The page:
The Common Bramble { past and present medicinal uses}

Beautiful tempting berries

Source

Illustration of Bramble flowers

Familiar wild flowers 1887
Familiar wild flowers 1887

Ode to the bramble

" The fruit full well the school boy knows,

Wild bramble of the brake,

So put forth thy small white rose.

I love it for it s sake;

Though woodbines {Honeysuckle} flaunt, and roses blow,

O'er all the fragrant bowers.

Though need'st not be ashamed to show

Thy satin-threaded flowers;

For dull the eye-the heart as dull

That cannot feel how fair'

Amid all beauty beautiful,

Thy tender blossoms are"

{Elliot}

Introduction

The common bramble or blackberry {usually the latter name is applied when the shrub is in fruit} belongs to the Roseaceae {rose} family of plants which contains some of our best known cultivated plants such as the cherry, the plum and apple trees.

This is probably the best known and certainly one of the most recognized to grow in our country {and many many others},and is probably the first wild fruit that we eat as a child. Countless numbers of people harvest them from the countryside during August and September. This harvesting is almost a ritual for the majority . The generic name of Rubus derives from the Latin rubra or the Celtic rud,both meaning red. The specific name of fruticosus does not, as one might assume, allude to the fruits but means shrub or bush-like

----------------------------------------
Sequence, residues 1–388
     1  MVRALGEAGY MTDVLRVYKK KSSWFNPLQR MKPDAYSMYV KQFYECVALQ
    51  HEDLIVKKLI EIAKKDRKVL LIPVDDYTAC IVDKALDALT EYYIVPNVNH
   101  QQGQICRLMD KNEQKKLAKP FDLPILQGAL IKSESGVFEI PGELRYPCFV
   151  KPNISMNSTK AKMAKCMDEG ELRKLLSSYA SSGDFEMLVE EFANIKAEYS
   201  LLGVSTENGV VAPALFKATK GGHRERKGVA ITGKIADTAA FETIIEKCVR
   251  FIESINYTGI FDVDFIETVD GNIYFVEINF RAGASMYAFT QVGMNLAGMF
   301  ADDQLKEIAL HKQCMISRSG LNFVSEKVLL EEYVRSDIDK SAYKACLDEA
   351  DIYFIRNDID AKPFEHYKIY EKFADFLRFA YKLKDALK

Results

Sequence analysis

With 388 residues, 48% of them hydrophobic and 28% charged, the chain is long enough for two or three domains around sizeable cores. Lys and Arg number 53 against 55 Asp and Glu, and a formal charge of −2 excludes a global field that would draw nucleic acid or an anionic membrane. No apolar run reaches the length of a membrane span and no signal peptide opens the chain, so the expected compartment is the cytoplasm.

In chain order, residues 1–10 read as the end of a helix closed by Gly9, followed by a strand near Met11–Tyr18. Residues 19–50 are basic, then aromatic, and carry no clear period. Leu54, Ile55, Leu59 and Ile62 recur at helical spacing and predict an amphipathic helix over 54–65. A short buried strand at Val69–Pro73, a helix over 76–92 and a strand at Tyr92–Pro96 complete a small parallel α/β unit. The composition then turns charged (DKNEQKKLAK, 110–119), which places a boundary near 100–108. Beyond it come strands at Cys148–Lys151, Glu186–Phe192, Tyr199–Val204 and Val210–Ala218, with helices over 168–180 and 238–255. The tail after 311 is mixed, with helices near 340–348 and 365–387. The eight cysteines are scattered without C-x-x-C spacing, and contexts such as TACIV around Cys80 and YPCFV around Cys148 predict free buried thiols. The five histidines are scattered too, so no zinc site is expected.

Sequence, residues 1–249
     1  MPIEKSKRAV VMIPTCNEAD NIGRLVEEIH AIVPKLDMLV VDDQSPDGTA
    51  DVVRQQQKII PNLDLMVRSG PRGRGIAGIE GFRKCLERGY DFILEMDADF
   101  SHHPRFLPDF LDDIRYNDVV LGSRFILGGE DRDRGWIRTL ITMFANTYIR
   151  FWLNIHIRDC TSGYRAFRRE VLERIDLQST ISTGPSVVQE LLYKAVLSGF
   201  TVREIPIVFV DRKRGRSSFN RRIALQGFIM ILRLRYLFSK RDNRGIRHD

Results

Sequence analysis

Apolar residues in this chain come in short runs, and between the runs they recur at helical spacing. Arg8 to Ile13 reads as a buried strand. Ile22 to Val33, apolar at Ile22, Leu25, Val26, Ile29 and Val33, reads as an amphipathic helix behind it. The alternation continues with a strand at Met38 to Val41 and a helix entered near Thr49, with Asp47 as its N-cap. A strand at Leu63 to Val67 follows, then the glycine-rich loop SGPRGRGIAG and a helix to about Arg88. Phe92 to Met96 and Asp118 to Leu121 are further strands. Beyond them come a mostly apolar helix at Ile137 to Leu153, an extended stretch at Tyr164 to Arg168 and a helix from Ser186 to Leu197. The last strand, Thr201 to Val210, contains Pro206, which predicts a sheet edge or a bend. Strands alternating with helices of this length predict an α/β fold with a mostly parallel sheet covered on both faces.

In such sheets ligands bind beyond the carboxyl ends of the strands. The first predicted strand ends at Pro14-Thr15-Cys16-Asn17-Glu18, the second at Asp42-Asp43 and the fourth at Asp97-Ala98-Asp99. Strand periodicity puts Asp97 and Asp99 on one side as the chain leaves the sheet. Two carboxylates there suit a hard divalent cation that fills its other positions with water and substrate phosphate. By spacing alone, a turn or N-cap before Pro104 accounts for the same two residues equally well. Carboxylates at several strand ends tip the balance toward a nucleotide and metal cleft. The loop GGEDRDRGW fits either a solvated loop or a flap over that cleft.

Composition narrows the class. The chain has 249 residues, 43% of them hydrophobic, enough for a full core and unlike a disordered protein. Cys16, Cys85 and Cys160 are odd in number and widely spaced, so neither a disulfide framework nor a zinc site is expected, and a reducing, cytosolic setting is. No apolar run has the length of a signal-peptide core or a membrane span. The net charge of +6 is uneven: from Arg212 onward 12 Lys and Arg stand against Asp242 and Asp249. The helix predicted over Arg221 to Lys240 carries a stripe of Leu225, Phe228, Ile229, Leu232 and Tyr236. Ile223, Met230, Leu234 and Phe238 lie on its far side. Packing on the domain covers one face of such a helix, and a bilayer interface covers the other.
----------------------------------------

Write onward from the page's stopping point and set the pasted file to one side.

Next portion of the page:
Here we look at the bramble and its past and present medicinal and other uses, which will include historical observations and notes from past herbalists and physicians. As always we commence with a description of the subject under review.

Bramble blossom

Creative Commons Attribution 2.0 generic license originally posted on Flickr.
Creative Commons Attribution 2.0 generic license originally posted on Flickr. | Source

Description of the bramble

Certain features,of course,present themselves,and enable anyone with the least knowledge of plants,to recognize the bramble. However, you may be surprised to know that there are many species and varieties known to the botanist. { 400 + in the UK alone}. The exact number has been debated for many many years,however, they are difficult to tell apart,unless you are very knowledgeable on the subject. As far as the layman is concerned a blackberry is a blackberry is a blackberry.

The stems produced by the bramble are very long and sometimes up to an inch in diameter,they are furrowed and angular and some often have a purple tinge. The prickles grow upon the stem and also on the leaf stalks are strong and sharp and somewhat hooked.

The foliage consists of five stalked,acute,serrated leaflets, varying in form but usually obovate with edges and point curved downwards. They are smooth, dark green above, downy and white beneath. There are two stipules at the base of the leaf.